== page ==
surprisingly half their family did go back to Poland and they would Â send parcels Â from Australia to Poland on a regular basis. Unless you can find a connection, it is just leaves blowing in the wind.
From: Kresy-Siberia@yahoogroups.com [mailto:Kresy-Siberia@yahoogroups.com] On Behalf Of Joseph Jagiello
Sent: Monday, 04 June, 2012 12:24 PM
Subject: Re: [Kresy-Siberia (est.2001)] Re: Dobrzanica deportees
Thanks for your reply, but I'm certain that "my" Krolczyks and yours are not the same lot. Mine apparently returned to Poland.Best regards,
Totally wild guess, but I grew up with Krolczyk in Australia, their daughter Helen was my best friends. They came with my mother from Germany to
Australia and stayed friends.
Wife â€“ Krolczyk Maria after marriage (maiden name unknown)
Daughter â€“ Krolczyk Helen â€“ born in Germany before migration to Australia
Son â€“ Krolczyk Teddy(Tadeus) or Eddy.
Copy from immigration ships records, sometimes the spelling on the name is incorrect and once settled in their new country, naturalisation papers have a different and correct name.
1. ISTG Vol 6 - SS Oxfordshire
24 JULY 1922 5142787 247 KROLCZUK, IGNA DOB 29 APRIL 1923 5142884 248 KROLCZUK, IGNAC DOB 23 DECEMBER 1912 5142884 249 KRYL, KATARZYNA DOB 18 SEPTEMBER 1919 5142827 250* KRYL,
2. ISTG - Passenger Surnames: Z
General Omar Bundy KROLCZUK, IGNA, 245 SS Oxfordshire KROLCZUK, IGNAC, 246 SS Oxfordshire KROLICK, CHA, 97 SS Columbia KROLIUK, CHA, 97 SS Columbia KROLL, ANNA MARIA, 166 SS
Any relation to your family?
The list of people deported from Dobrzanica was compiled by Jan Winnicki, of the Zwiazek Sybirakow w Olawie. In his list he indicated that Jozef Laboda, his wife and two children â€“ Jozef and Julia â€“ returned to Poland after WWII, as did Franciszek Krolczyk.
Jan Winnicki may be able to help you reconnect with surviving members of the Laboda and Krolczyk families. The address and telephone number of the Zwiazek Sybirakow w Olawie is:
ul. 1 Maja 11
(tel) 071 313 29 47
Regarding the Polish Parish Priest who found your father's and your baptismal records â€“ most parishes now have websites and email addresses. Maybe you can contact the current parish priest this way.
How wonderful that the Ministry of Defence returned your
father's precious possessions to you â€¦ what a treasure to receive after seventy years.
--- In Kresy-Siberia@yahoogroups.com, Joseph Jagiello <jjagiello@...> wrote:
> This list has answered questions for me, and may hopefully be helpful to others whose families are named, such as the Loboda family. Members of this family wrote to my father from Camp 2 in Teheran in 1943/44.The letters were in my fathers' possession when he was killed in action in Italy in 1944. They came to me from the British M.O.D. along with my fathers' Army records, and other personal possessions which had been held
by the M.O.D. for years.
> In February1997 I had discovered an address to contact for information about the Polish servicemen who fought with Britain, and had sent a letter there asking for information. In March I received a large envelope containing my fathers' Army records, and advice that his personal possessions would be sent via diplomatic courier to New Zealand, and then by secure mail to my address. Unbelievable, and so began the first step in my continuing search for my roots. I have immense gratitude and respect for British record keeping which allowed this first step to be taken. The Army records supplied invaluable family information.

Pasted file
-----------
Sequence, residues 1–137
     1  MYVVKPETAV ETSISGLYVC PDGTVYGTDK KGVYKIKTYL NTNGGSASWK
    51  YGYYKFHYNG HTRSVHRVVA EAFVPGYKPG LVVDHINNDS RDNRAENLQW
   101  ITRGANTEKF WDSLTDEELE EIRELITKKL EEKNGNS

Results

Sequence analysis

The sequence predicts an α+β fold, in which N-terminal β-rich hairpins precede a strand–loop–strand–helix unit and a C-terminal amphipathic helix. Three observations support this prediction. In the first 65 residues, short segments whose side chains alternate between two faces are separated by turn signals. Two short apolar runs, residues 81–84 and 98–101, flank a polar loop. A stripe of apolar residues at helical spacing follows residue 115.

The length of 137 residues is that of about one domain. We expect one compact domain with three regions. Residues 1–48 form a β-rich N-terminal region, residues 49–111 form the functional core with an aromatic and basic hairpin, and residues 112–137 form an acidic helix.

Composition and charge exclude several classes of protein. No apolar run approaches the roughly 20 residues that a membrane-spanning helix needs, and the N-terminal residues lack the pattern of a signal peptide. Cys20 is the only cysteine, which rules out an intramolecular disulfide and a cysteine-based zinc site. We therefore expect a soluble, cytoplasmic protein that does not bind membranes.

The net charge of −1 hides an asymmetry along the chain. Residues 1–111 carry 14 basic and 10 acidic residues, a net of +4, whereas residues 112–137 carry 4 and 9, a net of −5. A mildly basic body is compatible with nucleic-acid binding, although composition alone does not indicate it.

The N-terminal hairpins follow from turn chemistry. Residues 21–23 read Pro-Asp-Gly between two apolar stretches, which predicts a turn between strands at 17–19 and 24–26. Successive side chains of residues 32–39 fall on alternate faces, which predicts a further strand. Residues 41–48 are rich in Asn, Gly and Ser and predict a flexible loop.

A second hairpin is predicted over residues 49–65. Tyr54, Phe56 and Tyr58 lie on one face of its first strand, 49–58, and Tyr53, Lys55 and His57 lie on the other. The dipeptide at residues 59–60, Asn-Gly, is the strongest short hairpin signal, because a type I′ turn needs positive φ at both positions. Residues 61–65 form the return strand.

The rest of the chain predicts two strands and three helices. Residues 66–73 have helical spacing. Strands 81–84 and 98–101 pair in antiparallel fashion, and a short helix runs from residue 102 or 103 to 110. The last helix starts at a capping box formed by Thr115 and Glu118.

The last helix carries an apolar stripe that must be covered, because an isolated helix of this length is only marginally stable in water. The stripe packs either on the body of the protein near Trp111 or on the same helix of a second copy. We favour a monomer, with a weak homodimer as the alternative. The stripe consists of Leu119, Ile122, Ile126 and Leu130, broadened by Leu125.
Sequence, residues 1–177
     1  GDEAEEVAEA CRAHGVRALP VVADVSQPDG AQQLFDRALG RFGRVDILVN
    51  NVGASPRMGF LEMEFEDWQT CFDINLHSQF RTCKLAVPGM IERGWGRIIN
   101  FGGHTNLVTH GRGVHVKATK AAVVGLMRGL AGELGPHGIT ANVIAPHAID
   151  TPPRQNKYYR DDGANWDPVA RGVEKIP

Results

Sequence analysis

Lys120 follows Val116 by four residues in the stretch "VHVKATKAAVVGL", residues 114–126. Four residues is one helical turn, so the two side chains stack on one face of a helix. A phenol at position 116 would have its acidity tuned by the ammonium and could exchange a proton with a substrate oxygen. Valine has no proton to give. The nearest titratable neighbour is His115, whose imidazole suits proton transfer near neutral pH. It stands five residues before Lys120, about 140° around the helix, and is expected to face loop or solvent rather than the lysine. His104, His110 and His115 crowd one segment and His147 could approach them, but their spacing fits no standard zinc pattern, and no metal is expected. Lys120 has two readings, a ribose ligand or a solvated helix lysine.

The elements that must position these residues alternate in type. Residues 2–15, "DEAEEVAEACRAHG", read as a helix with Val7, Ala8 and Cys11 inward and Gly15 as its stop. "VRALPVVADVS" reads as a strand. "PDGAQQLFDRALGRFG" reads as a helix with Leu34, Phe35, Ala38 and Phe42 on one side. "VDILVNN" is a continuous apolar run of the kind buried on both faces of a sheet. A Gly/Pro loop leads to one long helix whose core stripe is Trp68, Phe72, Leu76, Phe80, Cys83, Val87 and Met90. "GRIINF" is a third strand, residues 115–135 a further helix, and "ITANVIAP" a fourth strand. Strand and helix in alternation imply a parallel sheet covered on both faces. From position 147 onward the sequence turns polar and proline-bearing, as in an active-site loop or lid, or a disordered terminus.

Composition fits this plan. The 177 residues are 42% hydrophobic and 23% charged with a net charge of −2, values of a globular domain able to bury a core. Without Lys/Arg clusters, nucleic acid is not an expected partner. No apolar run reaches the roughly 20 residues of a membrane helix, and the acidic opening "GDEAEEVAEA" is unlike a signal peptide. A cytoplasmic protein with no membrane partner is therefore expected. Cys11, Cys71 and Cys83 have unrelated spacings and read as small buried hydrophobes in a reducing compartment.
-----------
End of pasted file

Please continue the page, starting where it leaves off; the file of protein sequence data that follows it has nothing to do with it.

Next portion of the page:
> The personal possessions arrived as promised a month or so later, and were as follows;
> 1. A 3rd Carpathion Inf Div
Badge.........2. A Prayer Book............3. 7 Holy Pictures..........
> 4.1 Pocket Watch with Chain...................5 1 Small Handkerchief 6. 1 Small Plastic Brooch * actually mother-of-pearl
> 7. 1 Fountain Pen...............................8. 1 Book of Holy Land Pictures. ..
> 9. 1 Polish Soldiers Service Book......10. Polish Identity card.....11. English Identification Card
> 12. 1 Note Book...............................13..24 Photographs.....14. Private Letters..........
> 15. A Certificate and a Cross of Monte Casino No 5511 with Ribbon.
> A priceless gift for me. But there's more. My Dad had medals waiting for next-of-kin to claim, and in due course they too, came to me. Also my Dad left an estate valued at 14 pounds and ninepence, apparently the cash he carried. I still have the cheque from the treasury in my Dads' folder.
> Perhaps there are others like me who may be able to find these records if their fathers were servicemen with the British. Much easier I would think with computers and the internet. I used snail mail back then.
> P.S. Also there was a letter written to the British regarding my father's family allowance right by
> a J Krolczyk on behalf of Jagiello family members, I would suppose.A family named Krolczyk were in the list of Dobrzanica deportees. He was advised that a family allowance could only be issued to the widow or children of the deceased, but in addition, my father "was not entitled to family allowance while serving with the Polish Land Forces under British Command 1942/1944 because his family was residing at that time in Poland, and outside the sterling area." In fact his wife had died in Siberia in 1941, and his son came to New Zealand in 1944, after
being in Persia from 1942. No matter really, but interesting nevertheless. Perhaps some of this will ring some bells for others, and help someone to find what I did.
> With regards to all,
> Jozek Jagiello,
> Auckland New Zealand